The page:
ELKINS, W.Va. – On April 22, a concerned citizen notified an Elkins city official about what appeared to be an oily film on top of the Tygart Valley River 500 feet upstream from where the city’s water intake is for their drinking supply. After an investigation, it was decided that the diesel fuel was illegally dumped into a storm drain on 15th street and came out of a waterway on 11th street that fed it directly into the Tygart Valley River.
“Please take that somewhere to be recycled or disposed of properly, please don’t dump it out on the ground, or in a storm drain or a ditch, anywhere that it could end up in a river or end up somewhere that could be detrimental to the drinking water, the animals, or plant life,” said Wesley Lambert, Chief Operator and Public Water System Manager for the City of Elkins.
An on the scene West Virginia Department of Environmental Protection (WVDEP) official identified the substance as diesel fuel. It was approximated that 5 gallons of the fuel had been illegally dumped.
Since there was no eye witness to the dumping of the fuel, or video surveillance, there is no lead as to who is responsible for dumping the diesel fuel.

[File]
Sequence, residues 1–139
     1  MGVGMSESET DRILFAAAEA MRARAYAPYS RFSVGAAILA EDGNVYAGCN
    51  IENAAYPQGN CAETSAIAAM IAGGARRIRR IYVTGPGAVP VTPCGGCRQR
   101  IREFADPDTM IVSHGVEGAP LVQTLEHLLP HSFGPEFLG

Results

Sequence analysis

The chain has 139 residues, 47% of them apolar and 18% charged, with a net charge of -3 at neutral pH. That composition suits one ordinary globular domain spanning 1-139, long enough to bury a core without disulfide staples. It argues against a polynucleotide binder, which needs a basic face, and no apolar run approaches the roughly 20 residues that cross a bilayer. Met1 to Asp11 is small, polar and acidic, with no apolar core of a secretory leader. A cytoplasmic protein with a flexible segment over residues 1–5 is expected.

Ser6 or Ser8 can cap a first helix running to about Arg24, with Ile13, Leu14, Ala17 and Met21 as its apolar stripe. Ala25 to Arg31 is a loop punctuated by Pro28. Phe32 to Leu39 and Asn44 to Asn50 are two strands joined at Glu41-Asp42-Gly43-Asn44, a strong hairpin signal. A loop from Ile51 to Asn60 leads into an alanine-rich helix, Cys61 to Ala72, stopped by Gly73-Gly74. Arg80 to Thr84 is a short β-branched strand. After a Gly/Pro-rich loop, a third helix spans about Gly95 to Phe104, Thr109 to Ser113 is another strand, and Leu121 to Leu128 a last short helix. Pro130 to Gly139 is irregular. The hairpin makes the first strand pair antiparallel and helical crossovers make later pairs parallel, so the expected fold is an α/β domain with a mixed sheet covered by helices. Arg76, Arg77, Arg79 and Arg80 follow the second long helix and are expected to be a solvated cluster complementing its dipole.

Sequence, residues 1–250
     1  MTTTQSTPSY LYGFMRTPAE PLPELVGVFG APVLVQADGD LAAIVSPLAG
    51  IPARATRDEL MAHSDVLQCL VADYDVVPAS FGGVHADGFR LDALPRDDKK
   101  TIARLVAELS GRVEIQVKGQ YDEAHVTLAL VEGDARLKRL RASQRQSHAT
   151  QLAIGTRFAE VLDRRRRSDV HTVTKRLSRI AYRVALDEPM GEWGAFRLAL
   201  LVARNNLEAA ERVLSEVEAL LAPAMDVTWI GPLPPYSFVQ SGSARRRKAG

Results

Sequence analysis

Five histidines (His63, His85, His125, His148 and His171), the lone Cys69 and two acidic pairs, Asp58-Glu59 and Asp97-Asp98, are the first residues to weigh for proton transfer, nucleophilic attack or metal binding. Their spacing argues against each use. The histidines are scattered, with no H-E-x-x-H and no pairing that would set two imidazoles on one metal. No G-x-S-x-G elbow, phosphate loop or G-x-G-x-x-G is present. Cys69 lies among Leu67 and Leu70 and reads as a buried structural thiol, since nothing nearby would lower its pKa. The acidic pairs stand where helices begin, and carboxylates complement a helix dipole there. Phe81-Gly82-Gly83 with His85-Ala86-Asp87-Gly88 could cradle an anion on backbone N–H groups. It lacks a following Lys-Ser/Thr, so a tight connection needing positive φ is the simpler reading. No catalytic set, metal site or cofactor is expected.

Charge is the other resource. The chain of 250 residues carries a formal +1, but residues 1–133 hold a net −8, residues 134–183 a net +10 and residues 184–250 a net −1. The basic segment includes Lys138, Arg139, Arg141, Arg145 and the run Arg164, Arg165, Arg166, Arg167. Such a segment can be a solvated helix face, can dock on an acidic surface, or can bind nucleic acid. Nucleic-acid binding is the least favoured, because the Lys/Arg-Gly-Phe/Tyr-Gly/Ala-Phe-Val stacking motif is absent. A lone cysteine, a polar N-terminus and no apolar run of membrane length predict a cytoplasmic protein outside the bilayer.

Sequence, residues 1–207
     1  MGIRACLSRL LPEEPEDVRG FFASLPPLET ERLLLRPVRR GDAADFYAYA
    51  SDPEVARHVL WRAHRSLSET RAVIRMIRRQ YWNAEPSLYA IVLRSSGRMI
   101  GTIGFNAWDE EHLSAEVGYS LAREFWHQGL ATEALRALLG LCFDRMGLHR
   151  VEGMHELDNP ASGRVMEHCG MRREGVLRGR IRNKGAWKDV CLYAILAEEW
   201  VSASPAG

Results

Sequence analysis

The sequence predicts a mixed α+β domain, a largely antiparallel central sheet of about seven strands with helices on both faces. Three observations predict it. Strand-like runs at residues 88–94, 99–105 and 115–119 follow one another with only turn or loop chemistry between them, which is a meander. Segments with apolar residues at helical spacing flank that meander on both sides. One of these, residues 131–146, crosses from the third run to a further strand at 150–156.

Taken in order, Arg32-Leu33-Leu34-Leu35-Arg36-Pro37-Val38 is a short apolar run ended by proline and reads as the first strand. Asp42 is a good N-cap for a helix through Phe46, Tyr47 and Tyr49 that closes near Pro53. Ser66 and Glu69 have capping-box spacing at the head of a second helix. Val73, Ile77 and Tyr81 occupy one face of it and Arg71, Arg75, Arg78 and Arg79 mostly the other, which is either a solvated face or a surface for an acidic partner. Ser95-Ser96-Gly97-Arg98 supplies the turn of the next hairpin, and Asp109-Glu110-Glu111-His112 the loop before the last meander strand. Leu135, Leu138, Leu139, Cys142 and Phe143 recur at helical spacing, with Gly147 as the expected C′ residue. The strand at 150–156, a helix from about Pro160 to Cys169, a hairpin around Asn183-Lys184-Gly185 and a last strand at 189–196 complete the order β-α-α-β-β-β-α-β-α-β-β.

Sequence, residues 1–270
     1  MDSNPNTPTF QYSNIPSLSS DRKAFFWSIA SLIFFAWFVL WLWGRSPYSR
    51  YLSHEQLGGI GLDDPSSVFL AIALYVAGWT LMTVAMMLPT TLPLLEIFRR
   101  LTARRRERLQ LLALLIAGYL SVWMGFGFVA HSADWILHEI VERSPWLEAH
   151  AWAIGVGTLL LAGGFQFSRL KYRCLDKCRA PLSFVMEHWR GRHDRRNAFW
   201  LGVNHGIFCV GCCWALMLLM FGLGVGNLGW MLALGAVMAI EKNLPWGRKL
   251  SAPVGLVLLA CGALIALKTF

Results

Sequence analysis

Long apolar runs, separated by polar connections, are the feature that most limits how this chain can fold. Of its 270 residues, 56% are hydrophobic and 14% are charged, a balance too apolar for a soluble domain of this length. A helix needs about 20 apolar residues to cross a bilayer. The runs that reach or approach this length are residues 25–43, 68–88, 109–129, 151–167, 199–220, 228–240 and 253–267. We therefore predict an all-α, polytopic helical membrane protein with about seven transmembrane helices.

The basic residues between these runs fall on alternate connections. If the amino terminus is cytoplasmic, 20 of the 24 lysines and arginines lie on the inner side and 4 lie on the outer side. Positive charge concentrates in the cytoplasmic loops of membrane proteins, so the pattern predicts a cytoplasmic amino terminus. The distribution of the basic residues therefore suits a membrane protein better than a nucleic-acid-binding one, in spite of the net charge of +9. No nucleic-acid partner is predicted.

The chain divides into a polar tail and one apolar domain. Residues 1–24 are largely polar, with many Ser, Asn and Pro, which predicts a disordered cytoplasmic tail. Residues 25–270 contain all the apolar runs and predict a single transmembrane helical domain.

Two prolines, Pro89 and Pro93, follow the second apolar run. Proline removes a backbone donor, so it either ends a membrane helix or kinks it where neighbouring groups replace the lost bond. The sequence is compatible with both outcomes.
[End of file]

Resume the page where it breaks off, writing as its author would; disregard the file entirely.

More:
The fuel was close to the water intake for the Elkins drinking water, but the intakes are 11 feet underground. Since oil tends to rise to the top, it’s unlikely the fuel ever got close to the intake to contaminate the towns drinking water.
“Fortunately, this particular spill didn’t make it into the water treatment plant, or the drinking water distribution system itself, but had it have made it in there, it could have been very detrimental,” said Lambert.
To prevent environmental catastrophes, there are legal options to disposing of hazardous material like diesel fuel.
“Storing something like diesel fuel and oil in drums, make sure that it is filled full of saw dust, saw dust soaks it up, therefore it makes it easier to dispose of,” said Clark Martin, Chairman of Randolph County Solid Waste Authority.
The next step is to contact a sanitation department that deals with hazardous materials or reach out to the WVDEP.